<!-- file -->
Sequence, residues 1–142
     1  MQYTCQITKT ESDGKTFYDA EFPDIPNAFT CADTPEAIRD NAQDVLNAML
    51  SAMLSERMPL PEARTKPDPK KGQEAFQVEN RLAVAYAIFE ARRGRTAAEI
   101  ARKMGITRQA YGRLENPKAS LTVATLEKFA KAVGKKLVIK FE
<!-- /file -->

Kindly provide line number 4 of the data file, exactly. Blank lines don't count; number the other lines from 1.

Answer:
   101  ARKMGITRQA YGRLENPKAS LTVATLEKFA KAVGKKLVIK FE